The “Dr. Oz effect” usually refers to the popular talk show host’s ability to turn unproven “miracle cures” and weight loss fads into instant successes, but fortunes can swing the other way when the Great and Doctorful Oz says not-nice things about a product. [More]
Citing what they call repeated “disdain for science and for evidence-based medicine,” a group of physicians has written a letter to Columbia University asking it to remove TV’s Dr. Mehmet Oz from his faculty position there.
Back in 2010 we looked at Dr. Mehmet Oz, he of Oprah Winfrey-endorsed gilded TV fame and the king of a fan base that will run out and buy anything he endorses. Even then he had a solid gallery of critics who were ready to call shenanigans on his various medical pronouncements, and even while his popularity has remained widespread, there are still plenty of of people who question his brand of health advice. [More]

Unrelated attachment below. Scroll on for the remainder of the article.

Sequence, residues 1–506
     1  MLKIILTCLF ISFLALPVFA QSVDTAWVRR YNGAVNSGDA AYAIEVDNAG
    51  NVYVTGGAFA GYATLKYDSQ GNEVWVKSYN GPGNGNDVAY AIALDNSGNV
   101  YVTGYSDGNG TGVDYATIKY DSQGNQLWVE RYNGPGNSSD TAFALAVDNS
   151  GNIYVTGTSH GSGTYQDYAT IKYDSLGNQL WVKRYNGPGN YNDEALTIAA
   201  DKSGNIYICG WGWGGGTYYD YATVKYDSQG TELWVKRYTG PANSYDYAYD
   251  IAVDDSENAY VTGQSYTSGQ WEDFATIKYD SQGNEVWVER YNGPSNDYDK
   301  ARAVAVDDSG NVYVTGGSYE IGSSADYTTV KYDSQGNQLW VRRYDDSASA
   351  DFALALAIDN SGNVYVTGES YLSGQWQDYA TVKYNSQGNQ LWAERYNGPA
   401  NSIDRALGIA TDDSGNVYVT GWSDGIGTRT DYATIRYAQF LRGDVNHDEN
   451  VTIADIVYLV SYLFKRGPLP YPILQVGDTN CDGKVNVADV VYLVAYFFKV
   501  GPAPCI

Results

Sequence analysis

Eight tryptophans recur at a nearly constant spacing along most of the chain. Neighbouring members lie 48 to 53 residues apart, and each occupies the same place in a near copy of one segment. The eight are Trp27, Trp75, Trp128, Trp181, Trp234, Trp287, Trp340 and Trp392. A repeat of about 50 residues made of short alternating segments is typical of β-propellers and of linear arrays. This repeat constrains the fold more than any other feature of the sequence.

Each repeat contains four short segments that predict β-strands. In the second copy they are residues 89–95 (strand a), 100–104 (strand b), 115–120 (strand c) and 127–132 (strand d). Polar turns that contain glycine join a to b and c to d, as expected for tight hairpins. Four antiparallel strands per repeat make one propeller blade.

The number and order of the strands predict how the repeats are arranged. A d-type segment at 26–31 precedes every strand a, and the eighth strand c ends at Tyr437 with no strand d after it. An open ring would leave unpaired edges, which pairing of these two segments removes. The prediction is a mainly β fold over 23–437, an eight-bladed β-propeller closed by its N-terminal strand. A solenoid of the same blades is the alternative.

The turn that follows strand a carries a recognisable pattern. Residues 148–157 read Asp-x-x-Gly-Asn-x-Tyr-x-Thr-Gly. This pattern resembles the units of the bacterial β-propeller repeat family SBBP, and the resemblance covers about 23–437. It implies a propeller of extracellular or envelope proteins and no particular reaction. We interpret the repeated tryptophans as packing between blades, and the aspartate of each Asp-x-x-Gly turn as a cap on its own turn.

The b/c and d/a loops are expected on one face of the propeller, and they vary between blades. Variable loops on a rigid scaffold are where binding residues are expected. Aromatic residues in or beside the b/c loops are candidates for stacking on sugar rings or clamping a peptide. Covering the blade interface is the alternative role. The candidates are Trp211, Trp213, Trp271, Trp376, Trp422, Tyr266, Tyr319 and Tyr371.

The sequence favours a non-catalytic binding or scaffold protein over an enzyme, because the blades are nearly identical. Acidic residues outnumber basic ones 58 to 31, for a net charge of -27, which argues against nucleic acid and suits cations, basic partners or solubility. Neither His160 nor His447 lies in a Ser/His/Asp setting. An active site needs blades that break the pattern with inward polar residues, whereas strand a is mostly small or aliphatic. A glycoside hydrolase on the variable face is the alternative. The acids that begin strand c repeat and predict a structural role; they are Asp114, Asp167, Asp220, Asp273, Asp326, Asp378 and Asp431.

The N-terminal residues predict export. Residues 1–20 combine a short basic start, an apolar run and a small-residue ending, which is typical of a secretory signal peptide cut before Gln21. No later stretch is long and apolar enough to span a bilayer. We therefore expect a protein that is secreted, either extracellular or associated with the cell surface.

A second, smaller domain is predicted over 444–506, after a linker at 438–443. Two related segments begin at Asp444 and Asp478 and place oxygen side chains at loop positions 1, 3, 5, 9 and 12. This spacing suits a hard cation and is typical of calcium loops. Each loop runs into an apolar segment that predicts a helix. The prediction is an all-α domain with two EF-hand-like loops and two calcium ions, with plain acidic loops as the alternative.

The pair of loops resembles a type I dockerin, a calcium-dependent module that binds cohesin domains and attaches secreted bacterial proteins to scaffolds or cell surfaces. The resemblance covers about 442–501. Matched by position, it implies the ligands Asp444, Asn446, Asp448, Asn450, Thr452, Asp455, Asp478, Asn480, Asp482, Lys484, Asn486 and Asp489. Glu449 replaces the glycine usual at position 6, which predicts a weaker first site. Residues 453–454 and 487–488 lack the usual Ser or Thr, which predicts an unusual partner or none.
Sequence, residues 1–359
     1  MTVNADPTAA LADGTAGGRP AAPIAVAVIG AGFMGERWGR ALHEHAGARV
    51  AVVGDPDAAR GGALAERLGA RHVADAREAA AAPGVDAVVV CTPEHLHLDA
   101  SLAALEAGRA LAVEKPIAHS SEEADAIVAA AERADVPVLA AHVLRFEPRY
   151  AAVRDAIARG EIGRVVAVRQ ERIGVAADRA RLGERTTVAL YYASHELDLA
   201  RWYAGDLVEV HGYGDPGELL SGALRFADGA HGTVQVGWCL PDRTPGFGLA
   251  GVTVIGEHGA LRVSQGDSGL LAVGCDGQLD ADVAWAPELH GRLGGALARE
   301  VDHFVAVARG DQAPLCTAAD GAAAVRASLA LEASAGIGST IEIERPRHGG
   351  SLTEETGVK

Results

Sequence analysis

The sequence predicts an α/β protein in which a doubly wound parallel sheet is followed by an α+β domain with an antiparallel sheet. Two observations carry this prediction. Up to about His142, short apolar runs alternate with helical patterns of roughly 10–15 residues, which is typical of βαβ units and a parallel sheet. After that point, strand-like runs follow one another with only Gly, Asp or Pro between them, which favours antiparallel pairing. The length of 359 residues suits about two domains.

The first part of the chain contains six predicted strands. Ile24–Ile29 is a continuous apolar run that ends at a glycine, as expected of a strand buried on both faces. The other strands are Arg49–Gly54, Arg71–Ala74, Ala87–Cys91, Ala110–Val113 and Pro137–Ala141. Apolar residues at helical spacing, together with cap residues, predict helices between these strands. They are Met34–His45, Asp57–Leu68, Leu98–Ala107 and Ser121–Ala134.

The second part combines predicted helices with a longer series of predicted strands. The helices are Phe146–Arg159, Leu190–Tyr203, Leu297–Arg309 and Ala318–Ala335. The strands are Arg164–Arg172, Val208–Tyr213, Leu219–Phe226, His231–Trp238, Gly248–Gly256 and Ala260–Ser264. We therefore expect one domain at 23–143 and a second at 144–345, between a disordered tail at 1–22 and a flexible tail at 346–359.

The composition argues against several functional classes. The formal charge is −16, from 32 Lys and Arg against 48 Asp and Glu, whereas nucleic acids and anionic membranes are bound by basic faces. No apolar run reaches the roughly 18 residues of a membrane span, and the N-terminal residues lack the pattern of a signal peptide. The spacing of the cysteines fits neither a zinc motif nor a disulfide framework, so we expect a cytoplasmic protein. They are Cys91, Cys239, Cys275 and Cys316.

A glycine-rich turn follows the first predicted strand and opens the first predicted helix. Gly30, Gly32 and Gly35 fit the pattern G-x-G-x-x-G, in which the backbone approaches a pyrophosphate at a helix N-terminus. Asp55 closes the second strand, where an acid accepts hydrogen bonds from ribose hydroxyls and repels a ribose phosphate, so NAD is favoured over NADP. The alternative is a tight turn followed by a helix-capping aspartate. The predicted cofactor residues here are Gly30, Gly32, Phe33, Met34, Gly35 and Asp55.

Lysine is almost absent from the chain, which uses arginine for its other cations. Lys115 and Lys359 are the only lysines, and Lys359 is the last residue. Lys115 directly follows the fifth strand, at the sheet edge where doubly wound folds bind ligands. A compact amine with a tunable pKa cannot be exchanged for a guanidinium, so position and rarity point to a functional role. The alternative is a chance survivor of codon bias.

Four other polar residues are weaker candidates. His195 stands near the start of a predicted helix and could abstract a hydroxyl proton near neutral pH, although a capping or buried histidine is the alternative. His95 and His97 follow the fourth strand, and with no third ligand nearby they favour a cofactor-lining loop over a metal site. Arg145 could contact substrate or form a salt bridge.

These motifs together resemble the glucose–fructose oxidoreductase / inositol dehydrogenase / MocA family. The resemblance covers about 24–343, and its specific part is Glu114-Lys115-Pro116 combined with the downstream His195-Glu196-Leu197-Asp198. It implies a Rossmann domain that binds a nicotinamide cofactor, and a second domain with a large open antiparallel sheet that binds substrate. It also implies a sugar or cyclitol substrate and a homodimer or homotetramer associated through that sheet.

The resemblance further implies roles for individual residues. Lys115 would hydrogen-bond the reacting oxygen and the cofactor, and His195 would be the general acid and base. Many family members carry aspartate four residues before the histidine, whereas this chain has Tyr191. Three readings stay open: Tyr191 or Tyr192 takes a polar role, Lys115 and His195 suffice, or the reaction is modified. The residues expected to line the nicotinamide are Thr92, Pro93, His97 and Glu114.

It’s easy these days to turn to the Internet to try to self-diagnose what ails you, especially with the glut of information provided by authority figures like Dr. Mehmet Oz – better known as Oprah Winfrey-certified Dr. Oz – one of the most recognizable names in the media when it comes to comes medicine. But a new report by the Chicago Tribune is calling his wide-ranging advice into question.